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  1. #1
    Senior Member

    ISO Lo1 setting

    I have had the D500 since November. I have recently been doing a lot of long exposure sea scapes. In attempts to block as much light as possible for daylight long exposures, even with an 8 stop ND, I ventured into the Lo ISO settings. I have to say that the camera takes beautiful images at these settings with good DR.... what am I missing? Why are these not native settings?

    Even with comparison frames shot at ISO 50 and ISO 100 I am not seeing any difference outside of noise.... I guess I am psyching myself out because they are not native???? Can someone explain the technical side of this?

    Much appreciated..


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    Nikon D500
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    Nikon SB-700



  2. #2
    Senior Member

    Re: ISO Lo1 setting

    I recently ventured into the same area testing sun shots for next week... I didn't do any comparisons but LR sees my D600 as being at ISO 50 when using the non-standard settings... I'll be interested in seeing further discussion...

  3. #3
    Senior Member
    Challenge Team
    Blacktop's Avatar

    Re: ISO Lo1 setting

    Quote Originally Posted by FredKingston View Post
    I recently ventured into the same area testing sun shots for next week... I didn't do any comparisons but LR sees my D600 as being at ISO 50 when using the non-standard settings... I'll be interested in seeing further discussion...
    I venture below the native ISO setting when my ND filter (or if I forget my ND filter) is not enough for a daytime long exposure. For regular exposure shots I still use the native ISO however.

    It doesn't seem to suffer in my opinion.
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  4. #4
    Senior Member

    Re: ISO Lo1 setting

    I guess the next question is... going from the standard ISO of 100 to the Lo.1 setting seems to be ISO 50... and is that Lo.1 a true 1-stop difference in EV

  5. #5
    Senior Member
    lokatz's Avatar

    Re: ISO Lo1 setting

    Nikon uses Lo settings on many models, with different ISO ranges. For instance, the D5/500/600/750/800/7500 share the Lo-1.0 (ISO50) to Lo-0.3 (ISO80) options, while the Df/D300/700/3/4 have Lo-1.0 (ISO100) to Lo-0.3 (ISO160). The D810 (but not the 810A) even goes from Lo-1.0 (ISO32) to Lo-0.3 (ISO50).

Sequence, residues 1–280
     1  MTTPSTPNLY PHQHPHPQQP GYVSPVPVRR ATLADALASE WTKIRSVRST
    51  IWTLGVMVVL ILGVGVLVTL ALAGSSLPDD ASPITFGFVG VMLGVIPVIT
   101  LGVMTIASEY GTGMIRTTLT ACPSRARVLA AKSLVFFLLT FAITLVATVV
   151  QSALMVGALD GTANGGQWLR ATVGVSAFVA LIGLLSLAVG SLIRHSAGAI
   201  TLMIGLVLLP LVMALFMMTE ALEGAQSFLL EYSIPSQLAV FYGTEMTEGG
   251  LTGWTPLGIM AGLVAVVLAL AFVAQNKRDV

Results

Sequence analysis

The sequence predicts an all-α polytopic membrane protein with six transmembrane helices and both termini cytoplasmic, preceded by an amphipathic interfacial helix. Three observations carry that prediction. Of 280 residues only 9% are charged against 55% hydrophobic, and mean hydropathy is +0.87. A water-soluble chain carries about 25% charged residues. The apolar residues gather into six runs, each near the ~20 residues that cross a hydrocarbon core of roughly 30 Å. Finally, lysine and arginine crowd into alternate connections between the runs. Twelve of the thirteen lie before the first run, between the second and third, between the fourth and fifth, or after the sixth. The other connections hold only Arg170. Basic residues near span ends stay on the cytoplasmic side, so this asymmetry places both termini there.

At very low light intensity, semiconductor photo sensors tend to become non-linear: when you cut the light in half, the photonic energy the sensor records becomes proportionally even less than that. This is why with very long exposure times you tend to get underexposed images - at very low light, closing the aperture by a factor of 2 can no more be fully compensated by opening the shutter twice as long.

    My guess is that Nikon chose the Lo denominations to hint at this effect and defend themselves from claims that these ISOs are not accurate enough. Not sure about this, though.
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  6. #6
    Senior Member
    WayneF's Avatar

    Re: ISO Lo1 setting

    Quote Originally Posted by FLIGHTO View Post
    I have had the D500 since November. I have recently been doing a lot of long exposure sea scapes. In attempts to block as much light as possible for daylight long exposures, even with an 8 stop ND, I ventured into the Lo ISO settings. I have to say that the camera takes beautiful images at these settings with good DR.... what am I missing? Why are these not native settings?
    The DR is less though, however it might still be generally adequate.

    The camera sensor has one ISO sensitivity, often ISO 100 in most models. That is how much light (photons) is collected in the sensor cells.

    Then higher ISO multiplies these values to shift the histogram right, up brighter. That also boosts the low level noise higher too, to be seen much better. This part is easy to understand.

    The lower ISO method divides the sensor values, shifts the histogram left, down. That shifts noise off of the low end reducing noise (what there was of it at ISO 100 native). This shift down leaves blank empty space at the top of histogram, which is reduced DR, not utilizing all of the space that could be possible. Contrast and DR are similar but inverse things (the difference in bright and dark values). Contrast is higher due to reduced highlights. This simply does not meet the specifications for ISO, and Nikon does not call it ISO (instead calls it LO 1, etc).

    The histogram data is shifted for LO and HI (or any ISO higher than 100), but this exception does not show, nor cause clipping. Before it is stored, the histogram shown to us is also adjusted to "hide" the shift, it looks normal to us. But it has been manipulated.

    The D500 manual page 124 says LO 0.3 - LO 1 is "equivalent" to ISO 80 - 50 (speaking of sensitivities), but says contrast is higher than normal, and clearly says ISO 100 or higher is recommended.

    Doesn't mean it won't work for your use though.
    Last edited by WayneF; 08-18-2017 at 06:59 PM.

  7. #7
    Senior Member

    Re: ISO Lo1 setting

    Interesting. I am gonna test this some more this weekend. I haven't been specifically looking at the difference in contrast between 50 and 100..... I will now... I appreciate the info.


    Sent from my iPhone using Tapatalk
    Nikon D500
    Nikkor 17-55mm f/2.8G
    Nikkor 24mm f/1.8G
    Nikkor 60mm f/2.8D
    Tokina 11-20mm f/2.8

    Nikon SB-700





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